Tuesday, February 14, 2012
Spurious Religious Arguments against Celebrating Festivals
Facebook cannot be perceived as the ultimate in real information but it does give one a sense of how people think to some extent. Obviously, the biggest flaw in the system is the fact that Facebook only represents a part of the population but even so, one can find interesting opinions, both intelligent and idiotic.
Today is St. Valentine's Day or Valentine's Day, depending on your culture and religious affiliations. Even among Roman Catholics, it is not really a religious festival. It is a popular festival with deep universal roots that celebrates love and friendship (and possibly fertility). I therefore always find it a little absurd when specific religious groups attempt to dictate to their followers, forbidding them to celebrate a festival like this.
Negative dictates or prohibitions of this sort tend to be the work of fundamentalists, both Muslim and Christian. I saw a rather absurd little ditty on Facebook this morning to the effect that: 'Roses are red, violets are blue; You're a Muslim, so Valentine's Day is not for you.'
I've seen similar prohibitions from fundamentalist Christians, denouncing Valentine's Day as a 'pagan' festival.
To me, this is one of the basic problems that creates hostility between human beings. Festivals usually are based on universal concepts and for the most part, positive concepts. I have made a study of comparative religion and have experienced Christian, Muslim, Hindu and Pagan Festival celebrations. To the fundamentalist Muslim who composed or copied out that little ditty, I would declare that he might be surprised to find how many practices and celebrations that are enshrined in Islam actually have their roots in ancient pagan beliefs and practices. To me, that does NOT invalidate Islam just as Christianity is not invalidated by the fact that the Sacrifice of Christ on the Cross is part of a universal tradition of Sacrifice for humankind. In fact, quite the reverse. Those beliefs that are universal and ancient tend to be the MOST valid in my view.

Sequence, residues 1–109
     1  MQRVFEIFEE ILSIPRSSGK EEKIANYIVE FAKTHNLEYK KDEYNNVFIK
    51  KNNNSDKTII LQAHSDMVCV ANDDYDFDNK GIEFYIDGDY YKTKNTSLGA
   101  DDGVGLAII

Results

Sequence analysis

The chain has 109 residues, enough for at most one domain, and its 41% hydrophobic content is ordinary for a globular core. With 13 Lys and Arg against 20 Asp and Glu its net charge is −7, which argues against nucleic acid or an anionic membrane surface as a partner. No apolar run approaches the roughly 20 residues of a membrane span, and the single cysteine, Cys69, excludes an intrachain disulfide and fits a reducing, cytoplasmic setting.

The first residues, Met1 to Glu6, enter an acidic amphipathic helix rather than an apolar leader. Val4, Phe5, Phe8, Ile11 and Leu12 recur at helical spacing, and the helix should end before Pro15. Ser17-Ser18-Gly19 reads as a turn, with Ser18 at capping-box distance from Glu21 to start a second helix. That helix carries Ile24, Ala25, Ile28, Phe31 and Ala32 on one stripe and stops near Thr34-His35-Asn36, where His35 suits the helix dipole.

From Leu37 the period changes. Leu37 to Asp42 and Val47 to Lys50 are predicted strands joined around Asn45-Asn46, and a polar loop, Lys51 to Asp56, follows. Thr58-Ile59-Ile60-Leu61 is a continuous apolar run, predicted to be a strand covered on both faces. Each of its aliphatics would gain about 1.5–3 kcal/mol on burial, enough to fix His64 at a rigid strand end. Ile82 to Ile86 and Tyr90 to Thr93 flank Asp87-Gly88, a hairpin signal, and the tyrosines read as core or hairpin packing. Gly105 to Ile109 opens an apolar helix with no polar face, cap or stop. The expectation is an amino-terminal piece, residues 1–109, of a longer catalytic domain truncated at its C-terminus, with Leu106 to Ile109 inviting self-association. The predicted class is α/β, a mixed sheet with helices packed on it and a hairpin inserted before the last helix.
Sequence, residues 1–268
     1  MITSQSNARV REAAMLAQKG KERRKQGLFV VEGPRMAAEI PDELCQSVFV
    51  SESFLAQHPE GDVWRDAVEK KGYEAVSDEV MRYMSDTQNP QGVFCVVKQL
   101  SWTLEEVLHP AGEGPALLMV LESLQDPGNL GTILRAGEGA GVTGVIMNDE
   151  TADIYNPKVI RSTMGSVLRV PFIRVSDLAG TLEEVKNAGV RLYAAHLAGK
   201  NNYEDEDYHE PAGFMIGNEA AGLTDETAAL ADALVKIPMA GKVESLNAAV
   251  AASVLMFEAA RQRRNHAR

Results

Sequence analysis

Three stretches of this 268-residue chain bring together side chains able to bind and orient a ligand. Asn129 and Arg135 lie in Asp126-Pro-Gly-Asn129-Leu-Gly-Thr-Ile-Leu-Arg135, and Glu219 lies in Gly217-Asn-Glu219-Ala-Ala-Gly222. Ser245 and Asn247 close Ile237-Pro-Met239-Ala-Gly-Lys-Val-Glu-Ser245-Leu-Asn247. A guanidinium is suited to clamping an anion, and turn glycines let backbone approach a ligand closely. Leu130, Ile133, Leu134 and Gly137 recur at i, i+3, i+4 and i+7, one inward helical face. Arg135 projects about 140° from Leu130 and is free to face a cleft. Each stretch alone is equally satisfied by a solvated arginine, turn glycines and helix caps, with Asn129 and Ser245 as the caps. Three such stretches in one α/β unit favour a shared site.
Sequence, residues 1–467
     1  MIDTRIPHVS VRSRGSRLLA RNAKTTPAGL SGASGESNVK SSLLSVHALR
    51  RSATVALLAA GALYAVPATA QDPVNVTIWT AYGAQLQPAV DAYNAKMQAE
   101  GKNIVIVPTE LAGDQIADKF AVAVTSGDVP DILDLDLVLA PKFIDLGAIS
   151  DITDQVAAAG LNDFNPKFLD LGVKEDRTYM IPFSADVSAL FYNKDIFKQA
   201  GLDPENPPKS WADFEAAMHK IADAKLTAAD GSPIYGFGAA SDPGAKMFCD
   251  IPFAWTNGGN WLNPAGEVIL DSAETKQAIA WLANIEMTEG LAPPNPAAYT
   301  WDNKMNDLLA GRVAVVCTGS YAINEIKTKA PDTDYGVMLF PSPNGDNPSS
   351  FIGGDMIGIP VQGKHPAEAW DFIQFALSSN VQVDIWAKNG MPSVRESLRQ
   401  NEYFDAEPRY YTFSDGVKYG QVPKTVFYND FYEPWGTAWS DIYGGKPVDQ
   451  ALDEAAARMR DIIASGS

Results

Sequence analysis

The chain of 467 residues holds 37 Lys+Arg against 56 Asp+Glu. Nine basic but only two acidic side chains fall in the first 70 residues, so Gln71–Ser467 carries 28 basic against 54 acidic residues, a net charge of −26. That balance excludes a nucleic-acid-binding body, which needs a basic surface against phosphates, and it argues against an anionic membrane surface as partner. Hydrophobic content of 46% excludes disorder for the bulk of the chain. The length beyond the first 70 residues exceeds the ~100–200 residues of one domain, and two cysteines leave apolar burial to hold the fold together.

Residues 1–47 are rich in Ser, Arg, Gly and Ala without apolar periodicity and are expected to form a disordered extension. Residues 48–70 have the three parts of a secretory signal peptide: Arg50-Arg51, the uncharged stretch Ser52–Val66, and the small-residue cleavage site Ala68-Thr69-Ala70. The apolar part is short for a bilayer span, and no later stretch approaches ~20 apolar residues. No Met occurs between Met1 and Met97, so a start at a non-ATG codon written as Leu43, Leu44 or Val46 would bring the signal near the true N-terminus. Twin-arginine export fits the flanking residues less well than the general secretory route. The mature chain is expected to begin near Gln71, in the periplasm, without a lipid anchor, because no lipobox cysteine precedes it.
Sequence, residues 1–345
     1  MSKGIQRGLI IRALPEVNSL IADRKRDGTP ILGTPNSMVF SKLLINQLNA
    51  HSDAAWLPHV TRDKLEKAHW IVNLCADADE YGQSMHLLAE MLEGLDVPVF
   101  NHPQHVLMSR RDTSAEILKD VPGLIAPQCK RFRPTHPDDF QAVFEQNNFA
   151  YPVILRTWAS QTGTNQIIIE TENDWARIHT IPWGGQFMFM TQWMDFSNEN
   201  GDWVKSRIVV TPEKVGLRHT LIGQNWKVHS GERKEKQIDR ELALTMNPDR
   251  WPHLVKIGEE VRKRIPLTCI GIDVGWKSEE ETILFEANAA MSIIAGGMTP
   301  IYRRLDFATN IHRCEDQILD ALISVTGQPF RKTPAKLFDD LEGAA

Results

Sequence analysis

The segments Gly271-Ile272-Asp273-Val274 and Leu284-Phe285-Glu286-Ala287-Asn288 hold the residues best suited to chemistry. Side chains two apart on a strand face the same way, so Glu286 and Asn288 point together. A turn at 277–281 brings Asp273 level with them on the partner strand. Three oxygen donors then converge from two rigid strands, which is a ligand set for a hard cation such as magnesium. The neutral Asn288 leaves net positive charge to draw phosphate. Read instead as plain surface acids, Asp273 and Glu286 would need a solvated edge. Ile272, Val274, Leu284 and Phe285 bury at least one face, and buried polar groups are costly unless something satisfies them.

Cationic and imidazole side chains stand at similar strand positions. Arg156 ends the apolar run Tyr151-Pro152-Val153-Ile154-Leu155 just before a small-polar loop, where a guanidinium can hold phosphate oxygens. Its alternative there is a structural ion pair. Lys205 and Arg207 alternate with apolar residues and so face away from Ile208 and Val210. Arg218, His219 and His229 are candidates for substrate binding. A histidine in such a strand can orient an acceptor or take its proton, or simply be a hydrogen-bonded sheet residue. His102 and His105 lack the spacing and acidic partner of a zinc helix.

Whether St. Valentine actually has anything whatsoever to do with Valentine's Day or not therefore is irrelevant. It is a beautiful celebration of Love and Friendship with many endearing traditions. Furthermore, the date is significant, as it falls between Winter and Spring and is one of those celebrations that speaks eloquently of the renewal of life. The tradition of offering flowers, especially red roses, stems from this, if you will pardon the play on words.
The connection of chocolate with Valentine's Day makes sense when one studies ancient Mesoamerican civiliations. For the Mayans the Cocoa Bean was a symbol of life and fertility. For the Aztecs the Cocoa plant was stolen from heaven by the God Quetzalcoatl as a gift for humankind. He descended on a beam of light from the Morning Star. The Morning and Evening Star, Venus, is central to most ancient cultures and human sacrifices were offered to it or Her, in civilisations from Sumeria to the Americas. The symbol of Inanna and Ishtar both was the Morning and Evening Star, depicted as an eight-pointed Star. It is interesting to note that the gift of Odhroerir or Ecstacy was a drink stolen by the God Odhinn. The eight-pointed Star in the Runic Alphabet is a symbol of the World Tree, Yggdrasil, inter alia. Odhinn took the form of a serpent in order to be able to journey into the mountain where the sacred drink was guarded. The Serpent in the myths of Sumer was one of the creatures who dwelt in the World Tree.
Sacred drinks are a feature in many religions and festivals. For the Aryans, the sacred drink Soma was absolutely central to their religion and the ritual of preparing it is described extensively. In contemporary culture, although beverages made from chocolate are popular enough, it is the sweet that is most desirable and chocolates are a very important part of Valentine's Day.
The Heart is another symbol of Valentine's Day. Whether it represents the human heart or the female genitalia or buttocks is immaterial really. A red heart has become a rather universal symbol of Love and Friendship. The colour red denotes Life and Good Fortune.
From the dire pronouncements of Fundamentalists from every religion, one might think that a simple wish for a Happy Valentine's Day were tantamount to the worship of 'false gods' or even the Devil. I would like to believe that it is one of those festivals that could be akin to the clasping of hands across the sea, a means by which diverse cultures can meet in friendship and celebrate